The City has updated the online map of dewatering sites. You can easily find the location of Palo Alto’s 2017 dewatering sites by clicking the Maps link on the right-hand side of this page. As of May 31st, yellow marks indicate pending, green indicates pumping, red indicates completed.
Note that dewatering impacts can extend 200 – 400 feet (about 1 city block) from the dewatering site. See the graph on our Feb. 5, 2017 blog, “Building basements without wasting water”. Neighbors have mentioned cracked walls, cracked windows and cracked walkways, doors that stick, trees that died a few months after dewatering ended, etc. If you notice any such impacts on your property, please let us know by entering a reply/comment at the bottom of this page, or send us an e-mail at firstname.lastname@example.org.
Also, we consider dewatering to be “localized drought” for the neighboring properties. This article in the Mercury News and this article in the Business Insider explain drought mitigation for properties. Caveat emptor!
Palo Alto’s new dewatering policy takes effect on May 4, 2017. The stated goal for this new policy is to minimize the discharge of groundwater from construction dewatering; it applies to projects that do not have their building permits as of May 4th. Application forms and information for applicants and contractors are available in the section titled “Construction Dewatering Plan Guidelines” on the City’s website. You can see the City’s map of pending dewatering sites for 2017 here. The new dewatering policy is summarized below.
Save Palo Alto’s Groundwater will have a table at this year’s “Earth Day and Great Race to Save Water” at the Palo Alto Baylands Athletic Center on Saturday, April 22nd, 9 am – 3 pm. We’ve joined this event because we’re very committed to saving water and want to encourage neighbors who are building basements to think of the environment and use local area dewatering instead of broad area dewatering in areas where the water table is high.
This event is also registered as a satellite March for Science
event. In addition to a 5K run/walk there will be activities such as art, live music, prizes, zoo animals, bike tours, bird walks, and food – we’ll have some fun in the sun while doing something positive for the environment.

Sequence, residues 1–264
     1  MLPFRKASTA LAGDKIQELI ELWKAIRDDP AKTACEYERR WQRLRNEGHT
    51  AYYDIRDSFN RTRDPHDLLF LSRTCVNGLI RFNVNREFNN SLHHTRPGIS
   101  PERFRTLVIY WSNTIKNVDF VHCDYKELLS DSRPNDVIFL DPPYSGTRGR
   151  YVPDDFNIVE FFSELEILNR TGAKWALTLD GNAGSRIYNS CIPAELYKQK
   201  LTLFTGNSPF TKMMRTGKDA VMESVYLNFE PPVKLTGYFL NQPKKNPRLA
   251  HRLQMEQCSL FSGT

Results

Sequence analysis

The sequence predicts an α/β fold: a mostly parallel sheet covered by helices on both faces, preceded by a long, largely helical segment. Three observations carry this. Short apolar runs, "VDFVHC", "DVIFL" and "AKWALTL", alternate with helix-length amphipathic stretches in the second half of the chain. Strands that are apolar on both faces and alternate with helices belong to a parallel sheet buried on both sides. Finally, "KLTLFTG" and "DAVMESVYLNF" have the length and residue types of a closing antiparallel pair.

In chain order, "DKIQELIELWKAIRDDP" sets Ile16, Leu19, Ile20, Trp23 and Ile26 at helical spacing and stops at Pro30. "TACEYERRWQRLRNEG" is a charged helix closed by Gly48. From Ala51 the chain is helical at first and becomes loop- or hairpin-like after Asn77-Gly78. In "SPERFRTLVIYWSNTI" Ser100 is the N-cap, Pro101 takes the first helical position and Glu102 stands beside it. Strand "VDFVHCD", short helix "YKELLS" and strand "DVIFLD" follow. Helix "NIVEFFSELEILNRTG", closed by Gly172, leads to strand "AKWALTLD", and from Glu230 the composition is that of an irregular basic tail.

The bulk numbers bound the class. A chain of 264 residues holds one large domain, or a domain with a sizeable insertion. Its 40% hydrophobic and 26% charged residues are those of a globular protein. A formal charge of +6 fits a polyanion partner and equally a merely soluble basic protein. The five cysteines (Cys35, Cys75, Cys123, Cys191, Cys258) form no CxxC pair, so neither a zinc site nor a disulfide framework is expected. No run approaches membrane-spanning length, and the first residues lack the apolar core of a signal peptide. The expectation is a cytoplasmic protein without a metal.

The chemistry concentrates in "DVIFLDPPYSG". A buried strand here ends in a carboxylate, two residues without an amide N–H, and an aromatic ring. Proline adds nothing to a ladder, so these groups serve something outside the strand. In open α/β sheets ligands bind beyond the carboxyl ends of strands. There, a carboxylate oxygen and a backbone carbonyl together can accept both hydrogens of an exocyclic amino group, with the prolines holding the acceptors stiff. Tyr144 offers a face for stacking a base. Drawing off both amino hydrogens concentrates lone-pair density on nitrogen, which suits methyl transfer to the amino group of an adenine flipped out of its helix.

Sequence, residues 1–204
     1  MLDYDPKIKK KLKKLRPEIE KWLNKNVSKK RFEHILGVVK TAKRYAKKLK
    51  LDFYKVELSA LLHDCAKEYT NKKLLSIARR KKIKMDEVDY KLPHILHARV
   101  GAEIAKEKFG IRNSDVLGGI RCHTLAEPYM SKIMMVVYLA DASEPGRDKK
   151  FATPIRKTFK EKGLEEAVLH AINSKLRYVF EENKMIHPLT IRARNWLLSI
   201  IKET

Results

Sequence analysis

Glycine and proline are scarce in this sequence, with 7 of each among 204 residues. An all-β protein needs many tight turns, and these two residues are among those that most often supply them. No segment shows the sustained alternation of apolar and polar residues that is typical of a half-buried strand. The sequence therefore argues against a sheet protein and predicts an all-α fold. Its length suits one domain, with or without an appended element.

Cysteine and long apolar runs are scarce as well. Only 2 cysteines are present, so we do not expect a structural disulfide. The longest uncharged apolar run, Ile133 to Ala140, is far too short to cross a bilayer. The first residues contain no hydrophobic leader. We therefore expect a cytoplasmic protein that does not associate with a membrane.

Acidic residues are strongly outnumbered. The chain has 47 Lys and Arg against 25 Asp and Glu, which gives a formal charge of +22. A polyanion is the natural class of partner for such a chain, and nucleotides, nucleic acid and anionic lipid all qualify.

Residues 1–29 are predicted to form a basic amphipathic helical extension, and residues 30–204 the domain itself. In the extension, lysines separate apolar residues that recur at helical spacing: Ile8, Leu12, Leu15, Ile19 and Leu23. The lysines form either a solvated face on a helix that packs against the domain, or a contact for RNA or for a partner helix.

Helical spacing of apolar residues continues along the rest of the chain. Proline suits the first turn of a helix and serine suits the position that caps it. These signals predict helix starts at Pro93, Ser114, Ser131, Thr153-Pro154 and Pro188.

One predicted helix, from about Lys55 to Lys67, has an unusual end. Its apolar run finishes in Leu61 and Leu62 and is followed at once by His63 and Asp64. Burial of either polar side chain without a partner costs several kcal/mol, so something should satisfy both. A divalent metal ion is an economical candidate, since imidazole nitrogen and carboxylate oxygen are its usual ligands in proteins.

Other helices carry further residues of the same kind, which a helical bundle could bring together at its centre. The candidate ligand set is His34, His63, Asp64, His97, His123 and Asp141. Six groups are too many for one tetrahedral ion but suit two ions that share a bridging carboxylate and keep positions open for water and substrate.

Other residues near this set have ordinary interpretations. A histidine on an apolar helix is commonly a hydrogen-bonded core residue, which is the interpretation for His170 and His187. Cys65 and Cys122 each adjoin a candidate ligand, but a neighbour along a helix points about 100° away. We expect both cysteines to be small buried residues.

You can find out more information about this event at the City’s website
or check out the new promotional video
being displayed on the digital wall in Palo Alto’s City Hall. Please join us on April 22nd for a fun and educational event.
On Monday, March 20th, 2017 the City Council will discuss and give direction to Staff regarding the organization of the Comprehensive Plan. This discussion is wide-ranging and is scheduled from 7 to 10 pm.
We encourage you to attend the March 20th City Council meeting at 7 pm to urge the City Council to respect eight years of work by numerous individuals including the current Citizens’ Advisory Committee (CAC). The City Council should re-think their Jan. 30th decision to “gut” the Comprehensive Plan by separating Programs from Policies. In many cases, the Policies without the Programs are too vague to be meaningful.
Save Palo Alto’s Groundwater members and supporters attended various CAC meetings and provided input on the value of groundwater and soils, their importance on mitigating floods and droughts, groundwater and climate change and safety issues regarding dewatering and construction in areas with high water tables. The CAC, Staff and consultants listened and incorporated some of our input into Palo Alto’s draft Comprehensive Plan. All this input is lost and the Policies greatly weakened when we have the Programs that would support the Policies relegated to at-will appendices.
If you can’t attend, please email the City Council, email@example.com, and let them know their decision, without discussion on Jan. 30th broke the community’s trust by not valuing the time and effort of the former and current members of the Citizens’ Advisory Committee, Staff and consultants plus the input of many residents, including Save Palo Alto’s Groundwater.
Thank you for your support!
First, thank you to the nearly 100 supporters who came to City Hall on March 7th and to all those who wrote letters of support. Not a single person spoke in opposition to our proposals, including three persons from the construction industry, thereby demonstrating strong community support for our position. The Palo Alto City Council unanimously passed a motion to implement enhancements to the 2016 Dewatering Guidelines. These will take effect for the 2017 dewatering season, with an exclusion for those properties that have already received their building permits.
Special thanks to Councilwomen Lydia Kou and Karen Holman who proposed an amendment, which passed, to significantly reduce grandfathering by requiring projects that have preliminary conditions of approval but have not yet received building permits be included in the 2017 enhancements.
Check out Palo Alto Online’s coverage and this terrific video made by 8-year old Cate A. and presented at the March 7th meeting:
There is still work to do for 2018. The current regulations help, but are still far from requiring no discharge of groundwater to the storm drains while avoiding increases in flood risks. Read more for the details of Council actions and our comments.